International migration gives rise to problems of assimilation and to the development of ethnic and religious minorities that cannot readily be integrated into the community of their adopted country. Antagonism is likely to develop against migrant groups which are different in appearance, habits and attitudes from the local inhabitants; and to grow in areas where migrants are relatively numerous. Contemporary migration is also marked by the outflow of skills from many developing countries. The problem arises not only with regard to highly skilled professionals; there is also a loss of scarce skills in various sub-professional categories, a type of middle level technical and administrative brain-drain. As a result many developing countries face severe shortages in certain skills and professions.
According to ILO surveys, in 1981 there were two million Asian migrant workers abroad, the vast majority of them in the Middle East, and most of them skilled blue collar workers in construction and transport. Pakistan had 775,000 workers abroad in 1982; 354,000 workers left the Philippines in 1982; and 250,000 Indians sought work outside India during that same year. Of the developed countries in 1991, Australia has the highest percentage of its population foreign-born with 20%. Then follow Switzerland (17.2%), Canada (16.2%), France (10.5%), the UK (8.7%) and the USA (6%).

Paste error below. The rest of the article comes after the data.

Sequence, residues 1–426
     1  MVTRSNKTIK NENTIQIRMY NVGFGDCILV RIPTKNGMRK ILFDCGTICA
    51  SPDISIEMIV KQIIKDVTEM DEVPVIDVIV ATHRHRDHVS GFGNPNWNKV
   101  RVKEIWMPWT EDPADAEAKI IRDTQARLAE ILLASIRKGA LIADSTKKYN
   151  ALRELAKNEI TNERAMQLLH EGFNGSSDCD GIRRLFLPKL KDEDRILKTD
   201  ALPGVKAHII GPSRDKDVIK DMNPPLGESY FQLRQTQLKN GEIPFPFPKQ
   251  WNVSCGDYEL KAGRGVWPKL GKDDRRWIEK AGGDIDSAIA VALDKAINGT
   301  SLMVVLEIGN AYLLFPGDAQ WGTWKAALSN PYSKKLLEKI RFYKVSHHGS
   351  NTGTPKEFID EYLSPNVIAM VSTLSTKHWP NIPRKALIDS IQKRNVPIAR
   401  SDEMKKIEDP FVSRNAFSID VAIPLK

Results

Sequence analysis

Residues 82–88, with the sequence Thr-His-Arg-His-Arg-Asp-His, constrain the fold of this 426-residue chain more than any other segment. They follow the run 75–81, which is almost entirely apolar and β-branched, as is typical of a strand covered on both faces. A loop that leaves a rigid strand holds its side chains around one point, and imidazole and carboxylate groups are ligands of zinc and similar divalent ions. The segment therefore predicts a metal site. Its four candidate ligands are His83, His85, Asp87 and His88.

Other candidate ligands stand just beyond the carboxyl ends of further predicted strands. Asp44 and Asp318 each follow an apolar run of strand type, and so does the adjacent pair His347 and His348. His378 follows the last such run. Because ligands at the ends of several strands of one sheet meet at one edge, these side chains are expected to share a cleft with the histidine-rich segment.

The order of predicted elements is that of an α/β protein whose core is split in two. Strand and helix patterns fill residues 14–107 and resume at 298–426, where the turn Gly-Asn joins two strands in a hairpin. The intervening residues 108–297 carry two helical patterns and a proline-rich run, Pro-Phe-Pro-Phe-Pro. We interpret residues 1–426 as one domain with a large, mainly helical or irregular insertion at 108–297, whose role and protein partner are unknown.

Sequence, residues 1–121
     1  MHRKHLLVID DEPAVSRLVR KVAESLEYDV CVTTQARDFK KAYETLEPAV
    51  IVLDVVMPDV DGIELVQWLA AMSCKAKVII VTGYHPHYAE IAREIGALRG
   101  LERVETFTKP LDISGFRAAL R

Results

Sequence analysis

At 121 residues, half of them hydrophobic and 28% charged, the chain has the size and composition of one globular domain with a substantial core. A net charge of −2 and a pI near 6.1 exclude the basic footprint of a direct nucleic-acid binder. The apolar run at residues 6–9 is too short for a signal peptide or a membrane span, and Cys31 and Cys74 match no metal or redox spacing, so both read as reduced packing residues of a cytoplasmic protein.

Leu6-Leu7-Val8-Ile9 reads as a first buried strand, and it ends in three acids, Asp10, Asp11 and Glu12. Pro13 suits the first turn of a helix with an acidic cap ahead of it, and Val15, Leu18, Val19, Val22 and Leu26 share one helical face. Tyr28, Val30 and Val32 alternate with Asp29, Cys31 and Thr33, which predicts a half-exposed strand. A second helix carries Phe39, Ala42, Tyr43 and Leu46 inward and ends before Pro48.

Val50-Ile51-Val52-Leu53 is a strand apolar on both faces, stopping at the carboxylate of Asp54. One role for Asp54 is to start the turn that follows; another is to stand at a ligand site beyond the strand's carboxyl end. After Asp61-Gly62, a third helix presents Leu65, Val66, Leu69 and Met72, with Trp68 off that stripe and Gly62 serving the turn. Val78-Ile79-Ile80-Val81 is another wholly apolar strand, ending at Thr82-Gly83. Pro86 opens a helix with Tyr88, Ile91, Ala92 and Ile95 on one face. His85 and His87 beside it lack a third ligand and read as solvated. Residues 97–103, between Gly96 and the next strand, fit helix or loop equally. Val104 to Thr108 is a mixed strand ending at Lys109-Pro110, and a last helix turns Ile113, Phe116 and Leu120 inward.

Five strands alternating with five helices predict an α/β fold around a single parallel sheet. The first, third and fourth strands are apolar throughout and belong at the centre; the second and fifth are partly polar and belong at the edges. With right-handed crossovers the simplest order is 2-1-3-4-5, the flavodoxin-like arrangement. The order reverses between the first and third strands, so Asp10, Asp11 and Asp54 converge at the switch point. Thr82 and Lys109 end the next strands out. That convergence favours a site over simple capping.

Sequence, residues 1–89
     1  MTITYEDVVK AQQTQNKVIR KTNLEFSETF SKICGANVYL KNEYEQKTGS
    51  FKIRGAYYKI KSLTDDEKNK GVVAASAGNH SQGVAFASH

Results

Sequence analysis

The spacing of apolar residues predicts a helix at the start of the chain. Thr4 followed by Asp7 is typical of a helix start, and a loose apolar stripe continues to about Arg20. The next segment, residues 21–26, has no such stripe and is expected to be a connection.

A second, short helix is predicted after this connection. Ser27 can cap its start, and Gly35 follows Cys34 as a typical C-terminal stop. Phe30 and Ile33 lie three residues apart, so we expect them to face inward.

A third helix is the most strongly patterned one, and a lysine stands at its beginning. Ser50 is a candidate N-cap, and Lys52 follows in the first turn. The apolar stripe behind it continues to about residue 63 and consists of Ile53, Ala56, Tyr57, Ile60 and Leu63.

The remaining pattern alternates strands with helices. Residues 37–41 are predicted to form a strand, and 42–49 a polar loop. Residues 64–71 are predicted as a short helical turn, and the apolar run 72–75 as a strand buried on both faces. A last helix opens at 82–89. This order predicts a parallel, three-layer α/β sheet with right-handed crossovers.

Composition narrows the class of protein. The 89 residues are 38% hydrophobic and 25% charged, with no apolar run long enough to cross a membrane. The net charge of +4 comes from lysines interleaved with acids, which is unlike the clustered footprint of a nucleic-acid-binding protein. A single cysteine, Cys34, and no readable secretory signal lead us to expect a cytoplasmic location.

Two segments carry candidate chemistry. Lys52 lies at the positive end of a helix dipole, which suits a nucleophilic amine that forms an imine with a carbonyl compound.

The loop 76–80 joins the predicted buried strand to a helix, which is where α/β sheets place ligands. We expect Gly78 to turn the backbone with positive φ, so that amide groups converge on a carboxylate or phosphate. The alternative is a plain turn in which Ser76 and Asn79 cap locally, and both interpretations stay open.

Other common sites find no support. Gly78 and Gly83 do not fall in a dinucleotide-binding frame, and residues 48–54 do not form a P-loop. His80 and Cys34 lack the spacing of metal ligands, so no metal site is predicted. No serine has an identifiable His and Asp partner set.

The Encyclopedia of World Problems and Human Potential is a collaboration between UIA and Mankind 2000, started in 1972. It is the result of an ambitious effort to collect and present information on the problems with which humanity is confronted, as well as the challenges such problems pose to concept formation, values and development strategies. Problems included are those identified in international periodicals but especially in the documents of some 60,000 international non-profit organizations, profiled in the Yearbook of International Organizations.
The Encyclopedia includes problems which such groups choose to perceive and act upon, whether or not their existence is denied by others claiming greater expertise. Indeed such claims and counter-claims figure in many of the problem descriptions in order to reflect the often paralyzing dynamics of international debate. In the light of the interdependence demonstrated among world problems in every sector, emphasis is placed on the need for approaches which are sufficiently complex to encompass the factions, conflicts and rival worldviews that undermine collective initiative towards a promising future.
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